- ‘Game of Thrones’ earns a leading 19 Emmy nods
- Ann Coulter: Chris McDaniel should concede, live to fight another day
- Chelsea Clinton nabs $75K in speaking fees — same as Dick Cheney
- ‘Year of action’ not over: Obama has worked around Congress more than 40 times
- Rick Perry: Obama showed up after Hurricane Sandy, why not the Texas border?
- Alec Baldwin in talks to play Rob Ford-like mayor in new NBC drama
- Chinese hackers sought data on federal employees: report
- League City, Texas, votes 6-2 to ban processing of illegal kids
- Iraq tells U.N. that ‘terrorist groups’ have seized nuclear materials
- Houston dad suspected of shooting his 4 kids surrenders to police
House panel probes UN agency’s tech shipments
Question of the Day
WASHINGTON (AP) - A House panel launched an investigation Monday into whether a U.N. agency sent computers and other technology to Iran and North Korea in possible violation of U.N. Security Council sanctions.
The Foreign Affairs Committee probe comes on the heels of a State Department review of the U.N. World Intellectual Property Organization, which insisted last week that it did nothing wrong in providing “standard IT equipment” to the patent and trademark offices in the two countries. The 185-member organization focuses on patents, copyright, trademarks and designs.
Those assurances failed to mollify members of Congress.
“Providing these thugs with sensitive technology has the potential to enable their dangerous agendas,” Rep. Ileana Ros-Lehtinen, R-Fla., chairwoman of the committee, said in a statement. “This serious offense cannot go overlooked or unpunished.”
In Geneva last week, WIPO legal counsel Edward Kwakwa said none of the technology or training provided to Iran and North Korea violated U.N. Security Council sanctions. However, he said that because of American concerns the U.N. agency will “systematically refer relevant cases of technical assistance” to sanctions officials.
State Department officials were pressed on the issue last Thursday. They said they were aware of allegations that the transfer or material may have violated U.N. sanctions and they were reviewing development projects for both countries.
“We’re working with both the (WIPO) director general and other member-states to institute reforms that will ensure future development projects are properly reviewed prior to being approved and implemented,” said spokesman Patrick Ventrell. “And we’re working in New York to ensure that the U.N. Security Council Sanctions Committees play a more active role in advising international organizations on how to remain compliant with U.N. sanctions.”
Last month, Rep. Howard Berman, the Foreign Affairs Committee’s top Democrat, raised concerns about the transfer with Commerce Department officials.
“I have been closely following reports that WIPO officials have been transferring computers, firewalls, and other technological devices to the governments of North Korea and Iran,” said the California congressman. “Needless to say we find this highly distressing, not only because it potentially violates a slew of U.N. Security Council Resolutions and very possibly our country’s policies on internet freedom, but also because these technology transfers were carried out by an organization largely funded by U.S. inventors.”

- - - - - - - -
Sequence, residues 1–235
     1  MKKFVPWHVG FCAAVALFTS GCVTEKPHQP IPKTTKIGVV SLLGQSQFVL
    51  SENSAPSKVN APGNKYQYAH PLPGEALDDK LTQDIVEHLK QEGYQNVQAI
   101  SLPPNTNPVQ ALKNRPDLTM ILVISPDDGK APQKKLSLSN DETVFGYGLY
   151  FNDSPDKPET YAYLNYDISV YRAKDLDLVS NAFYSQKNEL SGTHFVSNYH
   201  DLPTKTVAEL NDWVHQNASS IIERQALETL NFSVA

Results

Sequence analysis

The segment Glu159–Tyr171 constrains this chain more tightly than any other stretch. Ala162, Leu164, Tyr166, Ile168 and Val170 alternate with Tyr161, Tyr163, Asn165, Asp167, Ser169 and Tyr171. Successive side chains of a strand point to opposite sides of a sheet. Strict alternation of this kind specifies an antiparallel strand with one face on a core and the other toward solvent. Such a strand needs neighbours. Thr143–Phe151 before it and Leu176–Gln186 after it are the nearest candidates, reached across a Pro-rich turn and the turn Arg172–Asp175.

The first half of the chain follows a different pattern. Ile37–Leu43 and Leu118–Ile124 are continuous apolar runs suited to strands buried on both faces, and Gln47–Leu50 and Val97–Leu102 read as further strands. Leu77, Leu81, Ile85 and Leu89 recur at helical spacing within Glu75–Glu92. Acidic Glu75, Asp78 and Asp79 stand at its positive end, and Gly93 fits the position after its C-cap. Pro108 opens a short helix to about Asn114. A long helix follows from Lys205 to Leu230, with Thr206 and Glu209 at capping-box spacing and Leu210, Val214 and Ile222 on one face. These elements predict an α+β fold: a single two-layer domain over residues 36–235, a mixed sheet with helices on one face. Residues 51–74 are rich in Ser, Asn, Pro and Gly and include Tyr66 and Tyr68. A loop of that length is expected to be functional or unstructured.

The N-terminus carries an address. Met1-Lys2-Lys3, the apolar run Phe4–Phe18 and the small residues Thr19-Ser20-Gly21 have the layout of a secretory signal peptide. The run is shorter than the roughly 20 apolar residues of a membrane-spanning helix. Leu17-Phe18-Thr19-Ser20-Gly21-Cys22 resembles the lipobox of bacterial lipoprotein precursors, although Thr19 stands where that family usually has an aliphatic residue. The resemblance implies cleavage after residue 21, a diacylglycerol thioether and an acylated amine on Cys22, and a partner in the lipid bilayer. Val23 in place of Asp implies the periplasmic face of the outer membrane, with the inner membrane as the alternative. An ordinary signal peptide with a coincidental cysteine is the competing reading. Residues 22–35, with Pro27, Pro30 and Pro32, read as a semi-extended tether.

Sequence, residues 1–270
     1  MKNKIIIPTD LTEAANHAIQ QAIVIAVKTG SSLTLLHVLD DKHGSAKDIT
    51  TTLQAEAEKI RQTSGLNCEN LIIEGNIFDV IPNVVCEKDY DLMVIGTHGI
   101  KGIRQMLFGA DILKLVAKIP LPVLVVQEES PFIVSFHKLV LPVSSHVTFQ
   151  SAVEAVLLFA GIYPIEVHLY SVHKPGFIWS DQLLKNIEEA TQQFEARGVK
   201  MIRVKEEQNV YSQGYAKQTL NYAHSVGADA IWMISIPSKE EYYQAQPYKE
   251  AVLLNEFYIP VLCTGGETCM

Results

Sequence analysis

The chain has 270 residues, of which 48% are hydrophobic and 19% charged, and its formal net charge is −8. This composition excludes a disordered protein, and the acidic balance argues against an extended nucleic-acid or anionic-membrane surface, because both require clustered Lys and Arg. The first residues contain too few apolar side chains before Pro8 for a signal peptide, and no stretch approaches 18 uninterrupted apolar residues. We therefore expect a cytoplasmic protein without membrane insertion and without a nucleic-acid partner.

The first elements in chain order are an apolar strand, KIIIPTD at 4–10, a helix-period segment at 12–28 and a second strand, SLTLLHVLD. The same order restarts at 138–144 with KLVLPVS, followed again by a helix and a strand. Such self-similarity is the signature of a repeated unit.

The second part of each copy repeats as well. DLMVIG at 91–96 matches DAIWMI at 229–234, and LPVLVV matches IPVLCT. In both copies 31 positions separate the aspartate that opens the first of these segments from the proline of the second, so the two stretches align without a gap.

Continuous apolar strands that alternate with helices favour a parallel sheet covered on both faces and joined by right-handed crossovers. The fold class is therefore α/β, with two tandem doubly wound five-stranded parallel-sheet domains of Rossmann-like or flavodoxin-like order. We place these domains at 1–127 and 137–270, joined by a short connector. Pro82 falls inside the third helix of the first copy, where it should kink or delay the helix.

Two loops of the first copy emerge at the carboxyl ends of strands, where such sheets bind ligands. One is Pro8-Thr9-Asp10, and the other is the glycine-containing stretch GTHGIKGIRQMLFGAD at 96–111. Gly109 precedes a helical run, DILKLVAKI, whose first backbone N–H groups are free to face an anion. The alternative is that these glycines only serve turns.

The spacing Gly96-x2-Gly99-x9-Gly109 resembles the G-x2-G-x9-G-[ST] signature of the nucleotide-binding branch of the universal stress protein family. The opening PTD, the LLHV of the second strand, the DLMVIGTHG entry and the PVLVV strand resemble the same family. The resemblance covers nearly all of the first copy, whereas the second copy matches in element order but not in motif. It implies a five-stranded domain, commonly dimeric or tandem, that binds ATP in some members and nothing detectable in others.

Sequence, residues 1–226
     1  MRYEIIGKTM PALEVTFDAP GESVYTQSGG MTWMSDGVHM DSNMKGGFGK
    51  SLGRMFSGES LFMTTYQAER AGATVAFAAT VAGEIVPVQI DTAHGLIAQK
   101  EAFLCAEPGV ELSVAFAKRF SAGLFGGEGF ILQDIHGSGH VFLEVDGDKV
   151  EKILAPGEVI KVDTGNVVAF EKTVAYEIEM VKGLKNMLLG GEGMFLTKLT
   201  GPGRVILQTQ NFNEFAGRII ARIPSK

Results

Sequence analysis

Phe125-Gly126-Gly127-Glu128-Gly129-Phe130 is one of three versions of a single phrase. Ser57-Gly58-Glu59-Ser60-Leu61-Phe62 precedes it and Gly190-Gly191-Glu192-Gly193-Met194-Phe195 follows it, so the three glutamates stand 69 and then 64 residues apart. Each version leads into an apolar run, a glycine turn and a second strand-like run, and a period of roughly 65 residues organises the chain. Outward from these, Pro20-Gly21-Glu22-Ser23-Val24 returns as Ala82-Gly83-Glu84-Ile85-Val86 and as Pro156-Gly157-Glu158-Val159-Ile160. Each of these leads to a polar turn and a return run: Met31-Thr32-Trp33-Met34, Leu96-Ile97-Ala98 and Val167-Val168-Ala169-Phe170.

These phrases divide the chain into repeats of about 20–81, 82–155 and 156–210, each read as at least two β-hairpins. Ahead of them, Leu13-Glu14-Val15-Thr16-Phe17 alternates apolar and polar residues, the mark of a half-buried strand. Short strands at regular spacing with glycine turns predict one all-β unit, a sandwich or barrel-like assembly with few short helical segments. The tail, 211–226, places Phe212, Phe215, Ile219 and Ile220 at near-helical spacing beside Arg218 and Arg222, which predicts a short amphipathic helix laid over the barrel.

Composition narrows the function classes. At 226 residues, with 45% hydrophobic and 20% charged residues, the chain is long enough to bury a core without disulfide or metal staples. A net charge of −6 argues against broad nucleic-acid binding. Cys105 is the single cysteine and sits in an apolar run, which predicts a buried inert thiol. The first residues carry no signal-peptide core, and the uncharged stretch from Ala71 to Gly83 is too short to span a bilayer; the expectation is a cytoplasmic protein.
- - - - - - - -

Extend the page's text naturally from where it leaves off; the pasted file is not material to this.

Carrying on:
Teresa Stanek Rea, deputy undersecretary of Commerce for Intellectual Property and deputy director of the Patent and Trademark Office, told Berman and members of the House Judiciary Committee that the office found the allegations disappointing.
“From what I understand (WIPO) Director General Francis Gurry has not yet been fully open as to all of the issues and that more information will likely be forthcoming,” Rea said. “The World Intellectual Property Organization is operating in our U.S. innovators and stakeholders best interest, but this issue is something that’s particularly distressing to us at the U.S. Patent and Trademark Office and that in collaboration with other U.S. government agencies we will do and handle it in a way that’s appropriate.”
TWT Video Picks
By Ted Cruz
Banning speech with a constitutional amendment is playing with fire
- GOP: Lerner warned IRS employees to hide information from Congress
- ISTOOK: Flying illegals home would be 99.5 percent cheaper than Obamas plan
- White House plans for bowling alley upgrades abruptly canceled
- Islamic militants aim to take Baghdad airport
- HUSAR: Mexicos Pena Nieto passes the immigration bucket
- EDITORIAL: Whats Obama hiding at illegal-alien 'refugee' camps?
- Obama requests $3.7 billion to fight surge of illegals
- Harry Reid lambasted by black conservatives after calling Justice Thomas white
- A series of missteps steers Obama's trip off course
- CURL: Obama turning millennials into Republicans
Obama's biggest White House 'fails'
Celebrities turned politicians
Athletes turned actors
20 gadgets that changed the world
Fighting in Iraq
World Cup's sexiest WAGs
U.S.-Ghana World Cup opener